19/02/2018 14:48 SAST | Updated 19/02/2018 16:58 SAST

One Of The UK's Most Prolific Paedophiles Jailed For 32 Years

University lecturer blackmailed victims into carrying out depraved acts.

Matthew Falder, one of Britain’s most prolific paedophiles, has been jailed for 32 years after blackmailing victims into carrying out depraved sexual and physical acts.

The Cambridge graduate admitted 137 offences relating to 46 complainants after being caught by an international inquiry led by the National Crime Agency.

The 29-year-old was arrested in June last year after three traumatised victims, who were tricked into sending him humiliating images, attempted to end their own lives.

Sentencing “warped and sadistic” Falder in Birmingham Crown Court on Monday for “a tale of ever increasing depravity”, Judge Philip Parker QC said: “As for your equally extraordinary sexual offending – no-one who knew you above ground had an inkling of what you were doing below the surface.”

Branding him an “internet highwayman”, he added: “You wanted to assume total control over your victims.

“Your behaviour was cunning, persistent, manipulative and cruel.”

Handout . / Reuters
Matthew Falder, one of Britain’s most prolific paedophiles, has been jailed for 32 years 

A previous hearing at Birmingham Crown Court was told Falder coerced male and female victims into producing “increasingly severe self-generated indecent images of themselves, the focus of these images being to humiliate and degrade”.

Opening the facts of the case against Falder, prosecutor Ruona Iguyovwe told the earlier hearing many of the images were then distributed on so-called “hurtcore” websites showing material depicting sexual and physical abuse.

Falder, who treated victims both as sex objects and as objects of derision, posted on one forum “100 things we want to see at least once”.

In remarks in that post, he suggested “a young girl being used as a dartboard”, production of a video depicting a child’s bones being “slowly and deliberately broken”, and the abuse of “a paralysed child”.

For the victims, Judge Parker said at Falder’s sentencing: “The damage is on-going for these individuals. It will never end, knowing the abuse caused by you still exists in other unknown persons’ computers.”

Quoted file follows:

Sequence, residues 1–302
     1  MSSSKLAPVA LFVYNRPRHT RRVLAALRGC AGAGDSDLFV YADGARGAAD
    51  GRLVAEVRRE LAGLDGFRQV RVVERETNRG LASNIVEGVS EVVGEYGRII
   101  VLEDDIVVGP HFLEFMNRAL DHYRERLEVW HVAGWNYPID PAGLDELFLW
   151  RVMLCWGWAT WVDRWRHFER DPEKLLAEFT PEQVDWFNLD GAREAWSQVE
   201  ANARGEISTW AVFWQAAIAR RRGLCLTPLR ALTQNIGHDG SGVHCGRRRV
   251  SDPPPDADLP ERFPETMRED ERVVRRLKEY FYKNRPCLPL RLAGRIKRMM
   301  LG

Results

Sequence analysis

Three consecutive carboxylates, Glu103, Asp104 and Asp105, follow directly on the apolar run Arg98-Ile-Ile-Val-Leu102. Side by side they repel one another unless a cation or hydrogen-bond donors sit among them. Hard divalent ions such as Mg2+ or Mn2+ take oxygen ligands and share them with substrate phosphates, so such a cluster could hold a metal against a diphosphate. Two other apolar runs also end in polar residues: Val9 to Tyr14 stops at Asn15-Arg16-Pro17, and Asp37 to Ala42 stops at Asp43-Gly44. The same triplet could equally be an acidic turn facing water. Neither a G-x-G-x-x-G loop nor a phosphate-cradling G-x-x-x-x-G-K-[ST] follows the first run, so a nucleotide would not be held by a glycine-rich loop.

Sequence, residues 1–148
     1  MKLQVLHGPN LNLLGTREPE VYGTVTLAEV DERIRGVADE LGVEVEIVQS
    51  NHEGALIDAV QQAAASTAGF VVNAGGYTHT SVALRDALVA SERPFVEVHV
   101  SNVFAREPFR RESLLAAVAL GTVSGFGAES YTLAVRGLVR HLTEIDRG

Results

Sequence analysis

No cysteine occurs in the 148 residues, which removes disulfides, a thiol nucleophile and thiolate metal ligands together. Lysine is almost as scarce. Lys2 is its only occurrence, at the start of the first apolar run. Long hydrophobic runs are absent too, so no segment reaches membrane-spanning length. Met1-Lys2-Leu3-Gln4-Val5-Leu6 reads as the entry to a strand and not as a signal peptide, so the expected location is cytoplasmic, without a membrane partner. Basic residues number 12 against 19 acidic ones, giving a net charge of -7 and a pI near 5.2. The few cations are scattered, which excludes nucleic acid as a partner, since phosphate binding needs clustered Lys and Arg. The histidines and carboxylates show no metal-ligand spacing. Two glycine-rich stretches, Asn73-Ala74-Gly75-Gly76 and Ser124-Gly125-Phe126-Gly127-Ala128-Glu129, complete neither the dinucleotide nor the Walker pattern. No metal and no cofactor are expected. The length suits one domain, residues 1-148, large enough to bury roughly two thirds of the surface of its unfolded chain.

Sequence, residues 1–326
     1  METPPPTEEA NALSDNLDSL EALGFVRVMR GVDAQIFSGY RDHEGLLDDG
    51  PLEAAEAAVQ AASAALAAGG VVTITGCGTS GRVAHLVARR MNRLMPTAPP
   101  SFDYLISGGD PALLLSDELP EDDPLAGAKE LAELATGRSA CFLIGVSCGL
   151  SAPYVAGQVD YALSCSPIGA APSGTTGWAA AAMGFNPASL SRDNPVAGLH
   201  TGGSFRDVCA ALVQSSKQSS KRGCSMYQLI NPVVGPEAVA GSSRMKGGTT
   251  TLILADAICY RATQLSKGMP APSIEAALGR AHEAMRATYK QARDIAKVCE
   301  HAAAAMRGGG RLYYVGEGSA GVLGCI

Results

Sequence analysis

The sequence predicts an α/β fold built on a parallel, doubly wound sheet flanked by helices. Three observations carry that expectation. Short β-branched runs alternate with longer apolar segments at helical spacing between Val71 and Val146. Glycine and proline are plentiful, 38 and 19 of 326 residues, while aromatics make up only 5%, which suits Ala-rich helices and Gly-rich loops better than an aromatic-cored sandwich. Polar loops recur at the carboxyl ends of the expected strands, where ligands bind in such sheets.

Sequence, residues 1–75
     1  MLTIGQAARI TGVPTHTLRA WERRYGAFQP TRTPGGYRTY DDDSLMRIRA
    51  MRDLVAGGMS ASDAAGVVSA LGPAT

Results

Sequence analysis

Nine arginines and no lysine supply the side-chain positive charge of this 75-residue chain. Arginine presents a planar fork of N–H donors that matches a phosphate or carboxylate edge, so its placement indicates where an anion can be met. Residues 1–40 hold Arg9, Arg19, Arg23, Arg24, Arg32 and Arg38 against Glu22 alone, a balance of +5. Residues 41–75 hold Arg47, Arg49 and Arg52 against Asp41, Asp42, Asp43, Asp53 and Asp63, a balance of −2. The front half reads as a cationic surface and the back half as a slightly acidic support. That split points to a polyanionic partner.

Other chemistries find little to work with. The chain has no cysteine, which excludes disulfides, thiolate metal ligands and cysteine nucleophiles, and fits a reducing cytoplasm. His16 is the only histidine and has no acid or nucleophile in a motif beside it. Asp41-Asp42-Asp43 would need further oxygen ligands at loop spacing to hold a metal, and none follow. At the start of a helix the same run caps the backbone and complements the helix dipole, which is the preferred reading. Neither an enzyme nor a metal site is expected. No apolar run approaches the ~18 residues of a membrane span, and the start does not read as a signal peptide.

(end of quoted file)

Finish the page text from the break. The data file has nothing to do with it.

The judge, who also concluded Falder was a dangerous offender, added: “These sentencing remarks underplay your relentless, obsessive desire to continue committing offences.”

Judge Parker told him: “Matthew Falder, you are 29 years old and prior to this you had no previous conviction.

“You were brought up by a loving family in Cheshire, excelled at school, went up to Cambridge (University), graduated and emerged with a Master’s and a PhD.

“One of your tutors said you were one of the finest students he’d ever supervised and your work had an international impact.

“Therefore you are extremely talented and had a close group of friends, were the life and soul of the party, and had a dynamic social magnetism.

“You became a lecturer at university in Birmingham – where you were arrested on September 21 2017.”

Speaking after sentence, NCA senior investigating officer Matt Sutton said: “In more than 30 years of law enforcement I’ve never come across an offender whose sole motivation was to inflict such profound anguish and pain. Matthew Falder revelled in it.

“I’ve also never known such an extremely complex investigation with an offender who was technologically savvy and able to stay hidden in the darkest recesses of the dark web.

“This investigation represents a watershed moment.

“Falder is not alone so we will continue to develop and deliver our capabilities nationally for the whole law enforcement system to stop offenders like him from wrecking innocent lives.

“I commend the victims for their bravery and I urge anyone who is being abused online to report it. There is help available.”

Barnardo’s chief executive Javed Khan said the sentence “sends a message to paedophiles that they will pay for their crimes while, hopefully giving other child abuse victims the confidence to come forward and seek justice”.

Khan added that Barnado’s wants to “encourage parents to talk to their children about the potential dangers online and know what new apps they’re using and which websites they’re visiting, so they can help keep them safe”.